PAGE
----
Paul Adair is a 21-year Germantown resident, retired scientist, writer, and lecturer.
New revelations surface daily concerning Scott "The Law Doesn't Apply to Me" Walker's legal and ethical troubles. However, the sordid tales of pay-for-play corruption and outright lawlessness are being adequately covered by the media. So I won't further expand on these continuing embarrassments to our state. Today, I want to discuss a perfectly legal, but bone-headed, decision by our state's chief executive.
In June 2013, I wrote an article entitled, "Wisconsin Taxpayers Donate $119 Million to Walker's Presidential Run". In that blog, we discussed the huge direct cost to Wisconsin taxpayers of Scott Walker's decision to reject Badgercare expansion. If Walker was not running for President, if he did not need to establish his far-right street cred, he would have made a more fiscally responsible choice.The millions of dollars that Walker's politically-motivated action cost us is a de facto contribution to his presidential campaign.
Unfortunately, I was wrong. Walker is not costing Wisconsin $119 million, as then estimated by the Legislative Fiscal Bureau. He is costing much, much more. According to updated estimates, Walker's decision is costing us $206 million in the current biennium, and as much as $315 million during the 2015-17 budget period. That is, over just four years, Walker's economic blundering is costing state taxpayers a cool half billion dollars.
If Walkercare costs so much more, we must be getting a better outcome, right? Surely more of our poorest are covered under his plan, right? No, according to the Legislative Fiscal Bureau, Walkercare will result in 87,000 fewer insured people in 2016 vs Badgercare expansion. So Walker's plan results in tens of thousand fewer insured, costing us much, much more. What a bargain !
In states that accepted the Medicaid expansion portion of the Affordable Care Act, people who make up to 133% of the Federal Poverty ($15,856/yr) level are covered by Medicaid. Those who make more can obtain insurance on the insurance exchanges, with a scale of decreasing subsidies for those who make up to 400% of the poverty level.
Walkercare, in contrast, removes anyone making over 100% of poverty level from Badgercare (our name for Medicaid). Those people are “encouraged” to buy coverage on the federally-run state insurance exchange. The exchange, designed for people with incomes much higher than poverty level, is not useful for our very poorest. Many people are simply forced to do without coverage.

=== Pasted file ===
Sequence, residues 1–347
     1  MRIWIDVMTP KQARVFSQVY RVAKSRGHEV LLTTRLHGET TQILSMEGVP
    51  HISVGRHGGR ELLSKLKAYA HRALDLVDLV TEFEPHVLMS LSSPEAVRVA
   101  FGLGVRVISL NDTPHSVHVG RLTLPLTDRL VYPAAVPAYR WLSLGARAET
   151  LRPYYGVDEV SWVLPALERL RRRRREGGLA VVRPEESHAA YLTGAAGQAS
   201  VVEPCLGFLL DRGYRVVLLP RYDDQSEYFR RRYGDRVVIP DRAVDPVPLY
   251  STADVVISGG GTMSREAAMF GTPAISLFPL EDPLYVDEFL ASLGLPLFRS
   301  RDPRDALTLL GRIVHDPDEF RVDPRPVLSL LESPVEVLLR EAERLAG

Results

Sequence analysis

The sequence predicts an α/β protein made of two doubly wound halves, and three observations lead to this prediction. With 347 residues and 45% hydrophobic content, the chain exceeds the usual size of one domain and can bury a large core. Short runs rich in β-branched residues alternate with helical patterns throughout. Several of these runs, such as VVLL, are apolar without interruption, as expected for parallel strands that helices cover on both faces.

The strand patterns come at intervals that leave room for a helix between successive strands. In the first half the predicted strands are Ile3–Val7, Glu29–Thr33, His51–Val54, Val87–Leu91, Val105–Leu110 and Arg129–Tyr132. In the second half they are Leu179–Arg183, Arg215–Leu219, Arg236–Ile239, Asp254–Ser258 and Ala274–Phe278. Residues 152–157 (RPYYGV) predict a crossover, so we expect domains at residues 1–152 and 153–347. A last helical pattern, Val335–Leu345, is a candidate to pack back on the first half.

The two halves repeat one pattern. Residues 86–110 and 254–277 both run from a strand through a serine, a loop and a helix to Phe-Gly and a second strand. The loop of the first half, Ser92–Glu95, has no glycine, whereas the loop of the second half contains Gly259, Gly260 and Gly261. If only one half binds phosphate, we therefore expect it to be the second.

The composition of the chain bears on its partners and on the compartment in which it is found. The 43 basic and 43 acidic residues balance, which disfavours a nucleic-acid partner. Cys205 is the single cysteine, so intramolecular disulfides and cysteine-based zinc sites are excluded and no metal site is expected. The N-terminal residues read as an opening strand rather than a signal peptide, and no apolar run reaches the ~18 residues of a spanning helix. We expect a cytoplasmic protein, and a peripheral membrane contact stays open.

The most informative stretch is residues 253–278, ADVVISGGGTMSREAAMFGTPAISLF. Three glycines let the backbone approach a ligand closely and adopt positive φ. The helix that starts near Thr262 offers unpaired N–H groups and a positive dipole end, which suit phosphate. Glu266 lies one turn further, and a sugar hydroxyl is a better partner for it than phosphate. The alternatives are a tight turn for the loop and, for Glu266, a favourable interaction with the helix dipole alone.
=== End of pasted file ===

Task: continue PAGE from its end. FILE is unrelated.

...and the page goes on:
What is the reason Walker gives for his financial malfeasance? He says that he doesn't trust the US Government to live up to its obligations, worrying about "costs that will come in the future when the federal government reneges just like they've done many times before."
Walker's logic simply makes no sense. Walkercare itself counts on sustained federal funding. It counts on continuing the 60% funding of non-expanded Medicaid. It counts on continuing subsidies for insurance bought on the exchange.
By Walker's fuzzy logic, the state should never accept federal money to build highways, airports, or dams. After all, some day the money could possibly be cut. Then where would we be?
By Walker's convoluted logic, you should never accept a job. After all, some day the company might go out of business. Or you might get fired. Then where would you be? You would be used to getting a regular paycheck and suddenly have to do without one.
Twenty-seven states have expanded Medicaid, with several others still debating the issue. Many of Walker's Republican governor pals have had no problem in making the responsible choice and embracing Medicaid expansion. GOP governors in Ohio, Michigan, Iowa, Nevada, New Hampshire, North Dakota and New Mexico have all put the health of their people over petty politics. Of course, none of those governors have Presidential aspirations.
Arizona Governor Jan Brewer also accepted Medicaid expansion for her state. In accepting, she included a "circuit breaker", which halts the Arizona program expansion in the event that the federal government decreases the payouts. If Walker was really concerned about the Feds reneging, he could have followed Brewer's lead, accepting the expansion with a similar circuit breaker provision.
The people of Wisconsin were never consulted on the question of whether to accept expanded Medicaid funds. The decision was made by our White House-seeking Governor and rubber-stamped by our legislature. To counter Walker's bad decision, people all over the state are rising up and demanding a say. A referendum on the issue is on the November ballot in eighteen of our most populous counties, as well as the city of Kenosha.
Medicaid expansion is a highly popular issue in states as diverse as Maine, Kentucky, Georgia, Kansas, and Pennsylvania. According to today's Marquette Poll, 56.3% of likely Wisconsin voters support Medicaid expansion, while only 30.7% reject expansion. Results of the November referenda will no doubt reflect this popularity. We can only hope that our state legislature acquiesces to the will of the people. We hope they work with Governor Burke to implement Badgercare expansion in 2015. It just makes good economic sense.